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Congresswoman Maxine Waters

Representing the 43rd District of California

Liability Issues Surrounding the Gulf Coast Oil Disaster

May 27, 2010
Committee Remark
Congresswoman Waters delivered the following opening remarks at a House Judiciary Committee hearing on legal liabilities that have arisen in the wake of the BP Deepwater Horizon oil spill disaster:

"I would like to thank Chairman John Conyers for organizing this hearing on liability issues related to the BP Deepwater Horizon oil spill.  BP previously estimated that the oil spill continues to gush over 5,000 barrels (210,000 gallons) of oil each day into the Gulf of Mexico.  However, some independent estimates put the total as high as 70,000 barrels each day.  And with every effort to stop the leak having failed, there appears to be no end in sight to the flow of leaking oil.
 
This disaster is already having a devastating impact on the economy of the Gulf Coast region and the way of life of many of its residents.   Many of these residents are still trying to recover from Hurricane Katrina, and the BP disaster has doubled their sorrows.   During a recent trip to New Orleans, I was particularly struck by the stories of the minority fishermen and small port business owners along the Gulf Coast.  
 
From week to week, fishermen don't know how long their jobs will be on hold.  There are issues that currently exist that must be brought to light regarding the plight of minority fishermen relating to the oil spill.  Byron Encalade is the President of the Louisiana Oysters Association and the President of the Plaquemines Parish Fishermen Association.  He knows first-hand the effect that the oil spill is having on fishermen who depend upon the waters for their very sustenance.  He is here today, and I thank him for his participation in the hearing.  I am sure this committee will benefit from his story.
 
Fishermen have depended upon this season to be their opportunity to finally recover from past harm, but this is not going to be the case.  The oyster season was supposed to open on May 1, and some fishermen prepared their boats to have them ready to go out for the first two or three days.  They planned to bring in their first haul of the season and pay bills.  But of course that did not happen.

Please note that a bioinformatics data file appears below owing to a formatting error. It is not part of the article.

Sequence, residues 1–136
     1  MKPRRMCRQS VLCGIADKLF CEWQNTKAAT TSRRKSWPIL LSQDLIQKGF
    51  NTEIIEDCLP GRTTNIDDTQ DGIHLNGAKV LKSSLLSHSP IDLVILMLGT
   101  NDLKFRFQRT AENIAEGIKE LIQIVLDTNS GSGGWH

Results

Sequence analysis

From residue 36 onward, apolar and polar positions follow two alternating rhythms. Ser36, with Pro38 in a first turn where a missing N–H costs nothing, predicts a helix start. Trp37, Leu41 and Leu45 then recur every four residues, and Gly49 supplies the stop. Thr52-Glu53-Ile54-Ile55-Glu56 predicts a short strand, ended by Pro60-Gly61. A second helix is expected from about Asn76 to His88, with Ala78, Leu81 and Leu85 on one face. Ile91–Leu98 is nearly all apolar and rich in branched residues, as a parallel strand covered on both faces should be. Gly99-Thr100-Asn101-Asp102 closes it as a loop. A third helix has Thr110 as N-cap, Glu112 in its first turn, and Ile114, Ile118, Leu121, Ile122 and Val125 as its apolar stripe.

The National Oceanic and Atmospheric Administration (NOAA) has already closed over 54,096 square miles of the Gulf of Mexico to commercial and recreational fishing in order to ensure that seafood will remain safe for consumers.  That is slightly more than 22 percent of the federal waters in the Gulf of Mexico.  A closure of this size is bound to have a devastating impact on fisheries in the Gulf, where commercial fishermen harvested more than one billion pounds of fish and shellfish in 2008.
 
On Monday, Secretary of Commerce Gary Locke determined that there has been a fishery disaster in the Gulf of Mexico due to the economic impact on commercial and recreational fisheries.  The affected area includes the states of Louisiana, Mississippi and Alabama.  This determination allows the federal government to provide assistance to affected fishermen and local communities under the Magnuson-Stevens Fishery Conservation and Management Act.  The Administration requested $15 million in supplemental appropriations to cover compensation to fisherman under the Magnuson-Stevens Act, while emphasizing that these funds will only be used as a last resort.  Meanwhile, the Administration reiterated its commitment to ensure that BP and other responsible parties cover the full costs of economic damages to affected fishermen.
 
I am concerned that this approach may not adequately meet the needs of small fishermen and small businesspeople who have lost their livelihoods.  Needless to say, $15 million is a tiny sum of money to respond to a fishery disaster of this magnitude.  Furthermore, many of the fishermen who are most severely impacted may have difficulty filing a claim and cannot afford to hire a lawyer.  The fishermen of the Gulf need to feed their families and pay their mortgages now – not after a lengthy court battle.
 
I am in the process of drafting legislation to expand the Magnuson-Stevens Act to provide a proportionate response to the BP oil spill.  My legislation will allow small fishermen and small businesspeople to apply for and receive assistance from the federal government without releasing BP and other responsible parties from liability for their economic losses.  The bill will allow the federal government to file claims directly with BP in order to recover the assistance provided to affected individuals and communities under the Magnuson-Stevens Act.  My bill will also include a robust authorization of appropriations to respond to this challenge.
 
Therefore, I look forward to the testimony of the witnesses.  I especially look forward to learning about ways Congress can assist small fishermen, small businesspeople, and all Americans who have lost their livelihoods as a result of this unprecedented environmental disaster.
 
I yield back the balance of my time."

Watch Congresswoman Waters question a BP executive about the company's claims processes and history of environmental legal troubles

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